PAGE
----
Carbon pricing is here to stay in Canada. What is it anyway?

The federal carbon-pricing law introduced in 2018 has been ruled to be constitutional by the Supreme Court of Canada after a challenge by three provinces, but what is carbon pricing anyway and how will it affect consumers?

EXPLAINER: Canada’s carbon pricing: How much is it and how does it work? What you need to know –…

What is carbon pricing? Carbon pricing means charging a minimum cost for fossil fuels like gasoline, diesel and coal, and the goods made from them, so that their prices come closer to the real environmental costs. This can be applied either as a fee on goods produced or sold, or as carbon permits that corporations can trade on a regional market (we’ll get into the difference in more detail later).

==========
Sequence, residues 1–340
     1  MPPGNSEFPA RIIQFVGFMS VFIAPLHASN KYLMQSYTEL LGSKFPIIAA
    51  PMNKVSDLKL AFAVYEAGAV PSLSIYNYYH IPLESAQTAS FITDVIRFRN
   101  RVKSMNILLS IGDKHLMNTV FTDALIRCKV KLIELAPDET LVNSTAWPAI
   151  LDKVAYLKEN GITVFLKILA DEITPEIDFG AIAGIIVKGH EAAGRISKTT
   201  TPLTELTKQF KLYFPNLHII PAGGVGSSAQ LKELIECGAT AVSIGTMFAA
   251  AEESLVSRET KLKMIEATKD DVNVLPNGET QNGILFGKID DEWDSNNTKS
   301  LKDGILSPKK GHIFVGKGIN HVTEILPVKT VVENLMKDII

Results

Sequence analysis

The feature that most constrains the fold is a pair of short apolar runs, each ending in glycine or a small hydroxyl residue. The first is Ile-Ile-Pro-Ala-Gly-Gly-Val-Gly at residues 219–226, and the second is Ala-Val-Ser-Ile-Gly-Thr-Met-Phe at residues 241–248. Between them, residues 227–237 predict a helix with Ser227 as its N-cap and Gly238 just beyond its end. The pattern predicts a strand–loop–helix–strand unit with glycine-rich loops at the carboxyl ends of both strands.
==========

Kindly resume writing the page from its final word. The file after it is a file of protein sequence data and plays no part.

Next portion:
HOW MUCH IS CANADA’S CARBON PRICE? For consumers, the federal minimum price started at $20 per tonne of CO2 equivalent in 2019. As of this April it’s $40, rising to $50 in 2022 and increasing by $15 annually until it reaches $170 in 2030. Participating provinces and territories set their own fees that meet or exceed that standard, or use a cap-and-trade system that achieves the same result. If a province has no plan, or if it’s below the standard, the federal government applies a “backstop” that applies the minimum price through federal taxes. Currently, the backstop for consumers applies to Alberta, Saskatchewan, Manitoba and Ontario. It used to apply to New Brunswick until it introduced a carbon-tax system in 2020.